What do class action certification appeal deadlines and an over-the-counter supplement called “Cobra Sexual Energy” have in common? A poor consumer who created new law in the Ninth Circuit after discovering that his sexual supplement did not, um, perform as expected.
Enough People Were Duped by Cobra Sexual Energy to File a Class Action Lawsuit . . . Allegedly.
Some guy named Lambert filed a “class action” lawsuit against the manufacturers of the supplement Cobra Sexual Energy after the supplement did not provide the advertised (and, I guess, desired) “animal magnetism” and “potency wood.” Class action lawsuits are lawsuits in which the defendant has allegedly harmed such a large number of people that the “class” – or every individual plaintiff – cannot easily be determined. FRCP 23(a); NRCP 23(a). One (or two, or five, etc.) plaintiffs who have come forward are designated to be representatives of the “class” and sue on behalf of those harmed.
To turn a lawsuit into a class action, the plaintiff(s) have to get “certified” as a class by the Court. NRCP 23(c); FRCP 23(c). Once a class has been “certified,” it can always be “de-certified” if the court later determines that the lawsuit is more appropriate as a traditional lawsuit rather than a class action. FRCP 23(c)(1)(C); NRCP 23(c)(1).
That is precisely what happened to Lambert. His lawsuit was first certified as a class action, and then later de-certified by a new judge. Lambert appealed.
This is the part where the lawsuit gets significantly less interesting for those who are not appellate lawyers (or class action practitioners).
Interlocutory Appeals from Class Action Certifications
Generally, you have to wait until the bitter end of a case before you can appeal. However, some rules allow for “interlocutory,” or mid-case appeals. FRCP 23(f) permits a party to petition the Ninth Circuit for interlocutory review of an order certifying or decertifying a class action. These appeals must be filed within 14 days of the order certifying or decertifying the class. Id. Nevada does not have a reciprocal rule.
It seems like a fairly straightforward rule, but it is not. As Lambert learned, the 14-day deadline to file the appeal can be “tolled,” i.e., expanded.
In the Ninth Circuit, the 14-day Deadline Under FRCP 23(f) May Be Equitably Tolled
The general consensus among the various court is that time limitations contained in rules are merely procedural, whereas time limitation contained in statutes are generally jurisdictional (i.e., the court cannot hear the case if the time limitations are not followed). This means that time deadlines found in rules can be expanded under certain circumstances. Relying on this line of authority, the Ninth Circuit concluded that FRCP 23(f)’s 14-day appeal deadline is not jurisdictional, and can be expanded. Lamber v. Nutraceutical Corp., 870 F.3d 1130 (9th Cir. 2017).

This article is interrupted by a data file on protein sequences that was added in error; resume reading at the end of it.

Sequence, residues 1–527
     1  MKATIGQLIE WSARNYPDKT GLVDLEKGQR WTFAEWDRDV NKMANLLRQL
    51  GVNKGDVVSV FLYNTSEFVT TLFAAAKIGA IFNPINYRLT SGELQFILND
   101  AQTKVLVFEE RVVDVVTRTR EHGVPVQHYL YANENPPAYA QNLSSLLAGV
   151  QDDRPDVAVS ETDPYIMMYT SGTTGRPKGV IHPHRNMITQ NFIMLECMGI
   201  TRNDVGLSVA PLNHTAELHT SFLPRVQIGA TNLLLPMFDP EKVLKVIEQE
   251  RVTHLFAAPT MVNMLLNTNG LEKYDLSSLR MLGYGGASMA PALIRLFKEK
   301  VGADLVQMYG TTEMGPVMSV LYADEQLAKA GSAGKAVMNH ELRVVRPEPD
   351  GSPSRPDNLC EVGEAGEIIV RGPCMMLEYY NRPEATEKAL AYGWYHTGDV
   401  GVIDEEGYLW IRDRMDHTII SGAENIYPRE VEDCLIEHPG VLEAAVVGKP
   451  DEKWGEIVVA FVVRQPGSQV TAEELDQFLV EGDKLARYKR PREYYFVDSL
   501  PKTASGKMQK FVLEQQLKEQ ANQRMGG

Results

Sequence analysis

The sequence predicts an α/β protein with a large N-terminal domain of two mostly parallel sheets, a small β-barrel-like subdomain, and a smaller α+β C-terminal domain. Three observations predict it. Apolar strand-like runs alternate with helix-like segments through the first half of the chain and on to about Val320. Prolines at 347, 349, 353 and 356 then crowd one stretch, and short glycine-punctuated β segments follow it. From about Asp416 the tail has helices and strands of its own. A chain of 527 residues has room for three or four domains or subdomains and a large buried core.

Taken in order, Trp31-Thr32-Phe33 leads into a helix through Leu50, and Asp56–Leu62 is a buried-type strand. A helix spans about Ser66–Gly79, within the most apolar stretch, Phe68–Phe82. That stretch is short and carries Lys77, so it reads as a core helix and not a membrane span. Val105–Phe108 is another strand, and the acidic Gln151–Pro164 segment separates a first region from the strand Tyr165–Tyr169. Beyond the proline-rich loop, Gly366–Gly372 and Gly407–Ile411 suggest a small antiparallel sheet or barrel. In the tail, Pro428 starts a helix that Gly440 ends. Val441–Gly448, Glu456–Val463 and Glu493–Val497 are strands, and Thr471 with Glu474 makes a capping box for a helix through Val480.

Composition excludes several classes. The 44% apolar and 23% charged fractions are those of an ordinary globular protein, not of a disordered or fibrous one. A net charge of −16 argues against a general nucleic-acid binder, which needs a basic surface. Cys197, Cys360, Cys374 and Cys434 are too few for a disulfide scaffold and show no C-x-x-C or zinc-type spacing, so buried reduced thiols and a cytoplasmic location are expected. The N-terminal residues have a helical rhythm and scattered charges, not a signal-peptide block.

Generally, with any appeal, filing a motion for reconsideration will “toll” the time in which an appeal must be filed if the motion is filed before the deadline to appeal. The Ninth Circuit reasoned that it should be no different for interlocutory appeals under FRCP 23(f). Lambert filed a motion for reconsideration, but he did not file it within the 14-day deadline.
Fortunately for Lambert, deadlines can also be expanded for “equitable” (i.e., fair) reasons. To determine whether FRCP 23(f)’s 14-day deadline should be expanded for equitable reasons, the Ninth Circuit will consider whether (1) the appellant was diligent in pursuing their rights, (2) external circumstances prevented the appeal from being timely filed, and (3) the appellant filed something that was similar to filing a motion for reconsideration within the 14-day deadline. Lambert, 870 F.3d at 1177-78.
According to the Ninth Circuit, Lambert met all of these factors. First, he communicated his intention to file a motion for reconsideration at a hearing that took place ten days after the court order (and within the 14-day deadline). Second, the district court instructed Lambert to file his motion within ten days, giving him twenty days from the date of the order. Lambert complied. Finally, Lambert filed his Rule 23(f) petition within fourteen days after his motion for reconsideration was denied.
The moral of Lambert’s story is that sometimes appellate filing deadlines are not so much rules as they are guidelines. You should still try to comply with them, however. Not all of us are as sympathetic of appellants as poor Lambert, the guy who just wanted to experience the sexual energy of a cobra and instead experienced…something less.